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tv   NBC Nightly News  NBC  May 8, 2014 5:30pm-6:01pm PDT

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>> thanks. "nightly news" is next. we'll see you at 6:00. on our broadcast tonight, fire storm at the va, hours after we heard from the man in charge, subpoenas that are flying but for some families of veterans it's already too late. the agony at the school where their daughters were abducted. mothers wait for word and demand answers. tornado threat again tonight for a big part o our country. 50 million americans watching the sky. and it's football night in america and nfl events second only to the super bowl. big money at stake, red carpet treatment and millions set to watch it live. "nightly news" begins now. >> announcer: from nbc news world headquarters in new york, this is "nbc nightly news" with brian williams. good evening.
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just 24 hours ago we heard from the secretary of foreign affairs, eric shinseki there are calls for him to resign. he's trying to hang on and keep his job while the va has a very big problem. charges of a shameful record of medical care for some of our returning vets including neglect and mistreatment and in some cases veterans have died as a result. the families want answers, so do investigators. today subpoenas were issued for e-mails and correspondence surrounding the phoenix va hospital. there is an audit underway and shinseki will testify before congress next week. it's where we begin tonight with our correspondent jim mickly chef ski. >> reporter: she lost her father in law thomas breen to cancer last november and blames his death on the va hospital in phoenix. >> i'm sorry i'm shaking, but they were quick to dismiss my pop, right?
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>> reporter: she says when he went to the hospital for urgent care, the staff refused to treat him and told him to see his primary va doctor. he waited months but died before he could get an appointment. >> all the people that are a part of this, they should be held accountable because it's a crime. you know, delayed care is denied care, and it's just not fair. >> reporter: his death occurred during the same period when 40 other veterans died while waiting for medical treatment at the phoenix hospital. dr. samuel foot works for the va and was the first to allege in an effort to improve records, hospital officials kept a secret unofficial list of veterans that sought medical care. >> this was basically an elaborate scheme to coverup patient wait times and coverup patients that we didn't have providers for. the main problem was a huge demand and relatively limited supply of service. >> reporter: on capitol hill today, the house veterans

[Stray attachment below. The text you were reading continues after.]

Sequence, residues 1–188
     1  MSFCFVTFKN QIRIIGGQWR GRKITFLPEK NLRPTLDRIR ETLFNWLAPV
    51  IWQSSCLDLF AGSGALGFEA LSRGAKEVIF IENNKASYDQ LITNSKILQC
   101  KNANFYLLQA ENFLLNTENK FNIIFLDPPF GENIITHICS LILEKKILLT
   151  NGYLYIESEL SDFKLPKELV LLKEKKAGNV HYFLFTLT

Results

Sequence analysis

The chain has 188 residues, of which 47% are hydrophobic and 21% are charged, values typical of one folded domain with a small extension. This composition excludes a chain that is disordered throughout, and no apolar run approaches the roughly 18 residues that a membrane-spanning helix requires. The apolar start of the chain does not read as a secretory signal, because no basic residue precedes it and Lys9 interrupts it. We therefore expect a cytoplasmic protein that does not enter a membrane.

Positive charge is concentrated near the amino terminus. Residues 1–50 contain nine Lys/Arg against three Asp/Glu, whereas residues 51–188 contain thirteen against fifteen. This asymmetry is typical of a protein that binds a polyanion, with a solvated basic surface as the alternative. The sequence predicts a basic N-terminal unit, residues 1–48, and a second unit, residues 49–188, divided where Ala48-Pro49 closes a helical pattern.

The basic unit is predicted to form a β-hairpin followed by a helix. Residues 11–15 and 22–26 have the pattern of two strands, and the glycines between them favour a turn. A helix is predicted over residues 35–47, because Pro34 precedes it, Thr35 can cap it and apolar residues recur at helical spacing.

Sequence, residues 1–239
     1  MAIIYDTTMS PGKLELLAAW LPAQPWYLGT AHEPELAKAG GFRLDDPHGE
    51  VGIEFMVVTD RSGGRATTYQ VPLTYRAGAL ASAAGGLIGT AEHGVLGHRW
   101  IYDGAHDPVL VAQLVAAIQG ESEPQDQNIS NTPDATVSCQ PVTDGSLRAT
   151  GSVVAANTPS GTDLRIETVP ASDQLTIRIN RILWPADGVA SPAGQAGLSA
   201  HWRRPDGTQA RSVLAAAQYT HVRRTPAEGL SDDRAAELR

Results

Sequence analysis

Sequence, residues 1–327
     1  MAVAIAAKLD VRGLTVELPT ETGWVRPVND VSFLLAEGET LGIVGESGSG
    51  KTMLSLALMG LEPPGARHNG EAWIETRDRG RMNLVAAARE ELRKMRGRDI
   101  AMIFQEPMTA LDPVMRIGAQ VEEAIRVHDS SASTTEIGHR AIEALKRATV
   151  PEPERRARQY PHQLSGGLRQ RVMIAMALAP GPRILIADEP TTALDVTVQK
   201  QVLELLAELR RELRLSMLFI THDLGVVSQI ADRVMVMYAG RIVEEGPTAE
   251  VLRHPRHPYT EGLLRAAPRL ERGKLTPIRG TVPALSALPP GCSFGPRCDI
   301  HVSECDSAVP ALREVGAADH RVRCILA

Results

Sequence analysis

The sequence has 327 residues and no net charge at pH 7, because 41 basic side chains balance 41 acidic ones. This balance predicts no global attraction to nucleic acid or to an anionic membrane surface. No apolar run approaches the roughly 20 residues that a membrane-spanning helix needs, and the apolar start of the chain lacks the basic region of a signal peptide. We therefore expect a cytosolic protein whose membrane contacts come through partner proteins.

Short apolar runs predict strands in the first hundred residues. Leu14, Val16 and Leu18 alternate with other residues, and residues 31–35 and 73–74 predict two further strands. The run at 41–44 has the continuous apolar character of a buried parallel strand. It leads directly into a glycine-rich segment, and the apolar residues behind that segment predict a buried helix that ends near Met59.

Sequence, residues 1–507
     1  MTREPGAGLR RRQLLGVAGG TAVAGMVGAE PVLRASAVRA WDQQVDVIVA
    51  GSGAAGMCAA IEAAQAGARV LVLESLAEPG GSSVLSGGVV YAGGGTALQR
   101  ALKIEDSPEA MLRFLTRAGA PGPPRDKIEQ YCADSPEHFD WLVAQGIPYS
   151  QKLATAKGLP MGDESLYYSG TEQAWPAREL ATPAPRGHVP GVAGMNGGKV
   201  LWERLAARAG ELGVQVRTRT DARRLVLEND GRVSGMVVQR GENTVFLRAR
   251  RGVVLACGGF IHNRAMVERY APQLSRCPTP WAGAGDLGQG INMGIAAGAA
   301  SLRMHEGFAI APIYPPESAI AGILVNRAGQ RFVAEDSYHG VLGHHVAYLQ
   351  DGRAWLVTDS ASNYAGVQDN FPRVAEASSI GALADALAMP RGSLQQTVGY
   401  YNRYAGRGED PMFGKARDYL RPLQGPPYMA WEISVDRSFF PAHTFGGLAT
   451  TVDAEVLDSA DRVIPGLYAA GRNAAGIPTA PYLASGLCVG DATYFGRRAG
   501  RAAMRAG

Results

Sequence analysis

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affairs committee voted to subpoena all va e-mails and correspondence regarding the phoenix hospital scandal and the possible coverup after the va refused to provide them voluntarily. >> the last few weeks have been a model of va stone walling, which precipitated the need for this subpoena. >> reporter: in an interview with nbc news, eric shinseki promised a thorough investigation and says he ordered a review of all va hospitals. >> my responsibility is to ensure that a review is done quickly and thoroughly and then something is done about it. >> there is clearly a problem here. >> reporter: veterans gathered in san diego today to send a strong unified message. >> i'm disappointed, frustrated and angry. >> reporter: former marine aaron menkin was severely burned in a roadside bomb blast. he says his medical care while on active duty was excellent, but he worries about those veterans who have to rely on the va system.
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>> what's worse, to have someone lay wounded in battle ignored or to come home and have to struggle alone? >> reporter: pending the va's investigation, administrators at the phoenix hospital have not publicly responded to the charges. secretary shinseki has been called up to capitol hill to testify about the scandal before a senate committee next week, brian? >> jim starting us off with his reporting from the pentagon tonight. jim, thanks. now to the spring weather patterns in the news tonight. it's that time of year and again tonight the threat of severe storms and tornados returning across a huge part of our country. 50 million people currently in the watch zone. it cuts the country pretty much in half from north to south and already tonight, we had confirmed tornado sightings at least one on the ground in minnesota and in the dallas, texas, area torrential rain triggered flooding. several swift rescues including five children trapped in a drainage tunnel.
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all kids emerged okay. meteorologist jim cantore watching it all from weather channel headquarters. jim, good morning. >> reporter: good evening, brian. a possible tornado in dallas, we understand, with that, too. so a lot of big metro areas impacted tonight. it appears dallas' worst threat is pushing to the east but very heavy rain, two to three inches. they need the rain but not all in one evening. look at the storms lined up to the west of kansas city. a two-hour threat away from hail and possible high winds and then here is a tornado we've already had confirmed as you mentioned around st. james. that will push north of mankato and in the next couple hours threaten the minneapolis metro area. tonight, you mentioned it 50 million from houston to little rock, st. louis later on and tomorrow our threat slides to the east. more of the hail and high wind threat but, brian, as we know, we can never rule out a tornado even when you're under a severe